Combined Sewer Systems

In a combined sewer system all of our wastewater and surface water goes into one pipe like the illustration above.  This pipe takes everything to a sewage treatment works for processing.

When it rains our sewer system cannot cope with surface water in addition to our waste water and this results in a sewage overflow. The more rain that enters sewers the less room there is for sewage. A combined system is designed to overflow into a river instead of back-up into streets and homes.It is estimated that untreated sewage and sewage related debris is discharged into our rivers at least once a week.

In the last 3 years Thames Water has spent £715 million on upgrading 6 Sewage Treatment Works across London so that they can cope with population increases up to 2021. With this significant investment now is the time to start intercepting the rain that also ends up in sewer pipes. The more rain we can stop getting to the sewage works the longer the extra capacity will last. If we slow the rain down we will cut the risk of these sewage works overflowing and polluting our rivers.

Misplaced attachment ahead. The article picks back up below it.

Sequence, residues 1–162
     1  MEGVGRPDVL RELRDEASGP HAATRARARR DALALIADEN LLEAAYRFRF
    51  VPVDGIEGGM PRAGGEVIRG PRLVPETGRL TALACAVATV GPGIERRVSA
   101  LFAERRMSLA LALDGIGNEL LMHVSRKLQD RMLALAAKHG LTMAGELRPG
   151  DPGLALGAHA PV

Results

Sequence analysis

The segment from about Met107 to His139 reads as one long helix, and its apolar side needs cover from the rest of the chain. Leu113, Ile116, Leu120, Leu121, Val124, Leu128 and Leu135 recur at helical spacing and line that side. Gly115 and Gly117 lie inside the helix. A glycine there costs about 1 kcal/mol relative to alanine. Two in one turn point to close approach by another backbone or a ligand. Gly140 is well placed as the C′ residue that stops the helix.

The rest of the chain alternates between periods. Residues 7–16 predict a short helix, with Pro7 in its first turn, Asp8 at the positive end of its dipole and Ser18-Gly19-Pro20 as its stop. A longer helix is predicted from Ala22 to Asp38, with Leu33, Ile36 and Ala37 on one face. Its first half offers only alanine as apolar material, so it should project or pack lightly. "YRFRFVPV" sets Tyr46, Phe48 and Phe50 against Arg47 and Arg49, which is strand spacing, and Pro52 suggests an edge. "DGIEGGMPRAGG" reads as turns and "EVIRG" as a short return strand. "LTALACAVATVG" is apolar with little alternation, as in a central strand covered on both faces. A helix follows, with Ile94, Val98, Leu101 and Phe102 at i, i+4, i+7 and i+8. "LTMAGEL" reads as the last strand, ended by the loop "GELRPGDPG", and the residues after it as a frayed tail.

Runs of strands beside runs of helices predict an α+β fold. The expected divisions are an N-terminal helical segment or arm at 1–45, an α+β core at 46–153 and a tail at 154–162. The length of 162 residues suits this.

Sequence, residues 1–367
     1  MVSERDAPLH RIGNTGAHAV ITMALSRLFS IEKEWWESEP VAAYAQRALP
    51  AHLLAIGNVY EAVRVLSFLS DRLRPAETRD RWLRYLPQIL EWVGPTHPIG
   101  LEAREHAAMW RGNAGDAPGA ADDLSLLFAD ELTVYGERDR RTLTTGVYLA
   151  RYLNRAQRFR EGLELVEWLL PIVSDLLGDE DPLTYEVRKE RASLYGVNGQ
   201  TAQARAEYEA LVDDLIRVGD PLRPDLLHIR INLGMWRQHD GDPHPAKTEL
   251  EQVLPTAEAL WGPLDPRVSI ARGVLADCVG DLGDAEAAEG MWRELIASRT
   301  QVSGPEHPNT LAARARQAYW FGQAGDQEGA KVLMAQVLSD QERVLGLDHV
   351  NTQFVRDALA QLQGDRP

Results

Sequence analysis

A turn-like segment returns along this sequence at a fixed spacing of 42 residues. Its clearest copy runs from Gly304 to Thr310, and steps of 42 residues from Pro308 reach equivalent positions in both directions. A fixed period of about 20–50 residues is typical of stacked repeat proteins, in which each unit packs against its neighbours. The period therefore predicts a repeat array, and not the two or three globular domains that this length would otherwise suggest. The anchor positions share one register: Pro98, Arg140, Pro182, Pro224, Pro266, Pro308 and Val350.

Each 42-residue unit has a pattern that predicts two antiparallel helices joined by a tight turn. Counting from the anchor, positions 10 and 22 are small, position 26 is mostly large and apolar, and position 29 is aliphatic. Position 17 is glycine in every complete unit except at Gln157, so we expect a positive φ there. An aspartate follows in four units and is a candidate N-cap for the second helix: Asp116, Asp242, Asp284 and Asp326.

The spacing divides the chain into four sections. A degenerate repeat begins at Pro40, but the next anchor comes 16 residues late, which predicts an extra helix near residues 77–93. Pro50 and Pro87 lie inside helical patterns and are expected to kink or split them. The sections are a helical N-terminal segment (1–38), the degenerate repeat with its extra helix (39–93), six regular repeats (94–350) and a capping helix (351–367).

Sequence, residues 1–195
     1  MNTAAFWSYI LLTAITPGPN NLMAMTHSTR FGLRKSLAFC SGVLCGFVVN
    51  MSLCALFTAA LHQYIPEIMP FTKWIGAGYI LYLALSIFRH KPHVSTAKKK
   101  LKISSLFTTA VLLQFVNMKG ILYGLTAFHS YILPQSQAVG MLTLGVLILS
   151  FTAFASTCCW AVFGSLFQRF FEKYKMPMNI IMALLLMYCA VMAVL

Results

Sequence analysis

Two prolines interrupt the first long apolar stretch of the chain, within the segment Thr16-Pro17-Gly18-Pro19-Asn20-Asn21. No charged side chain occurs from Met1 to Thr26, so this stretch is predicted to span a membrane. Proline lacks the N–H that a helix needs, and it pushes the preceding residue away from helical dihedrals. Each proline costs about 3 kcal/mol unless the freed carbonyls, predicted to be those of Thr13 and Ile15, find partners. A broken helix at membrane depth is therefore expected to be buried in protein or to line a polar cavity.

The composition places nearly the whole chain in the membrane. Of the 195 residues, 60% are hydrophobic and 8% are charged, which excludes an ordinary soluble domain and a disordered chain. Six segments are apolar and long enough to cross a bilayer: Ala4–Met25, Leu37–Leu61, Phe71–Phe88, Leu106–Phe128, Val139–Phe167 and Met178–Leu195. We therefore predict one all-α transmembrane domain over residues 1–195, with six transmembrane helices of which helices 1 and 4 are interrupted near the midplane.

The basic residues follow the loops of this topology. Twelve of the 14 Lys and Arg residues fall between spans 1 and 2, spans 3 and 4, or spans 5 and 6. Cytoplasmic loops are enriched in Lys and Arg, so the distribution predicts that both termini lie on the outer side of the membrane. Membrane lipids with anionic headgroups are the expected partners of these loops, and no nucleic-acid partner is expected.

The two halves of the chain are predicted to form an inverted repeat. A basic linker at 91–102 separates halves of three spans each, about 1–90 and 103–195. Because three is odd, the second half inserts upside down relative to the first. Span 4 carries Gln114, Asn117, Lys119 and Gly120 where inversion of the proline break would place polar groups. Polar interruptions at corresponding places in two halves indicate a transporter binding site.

But what will happen after 2021?
Thames21 believes that we should prevent as much rain getting into sewers as possible. It starts of as fresh water, turning it into dirty water makes no sense. In Portland, Oregon 35% of rain was prevented from reaching sewers using natural systems. We can use green drainage in London. If we can incorporate these natural systems (sustainable drainage systems (SuDS)) into our infrastructure we could extend the life of these upgrades. This would reduce the amount of rainwater entering the treatment works and prevent future possibility of sewage overflows.

As well as this, our city has undergone development; urban creep means that many of our permeable surfaces have vanished beneath the concrete and this prevents rainwater entering the ground water. Instead it runs off into our sewers taking with it the many toxins that settle on our roads, or it accumulates on the surface. In extreme cases this results in surface water (pluvial) flooding.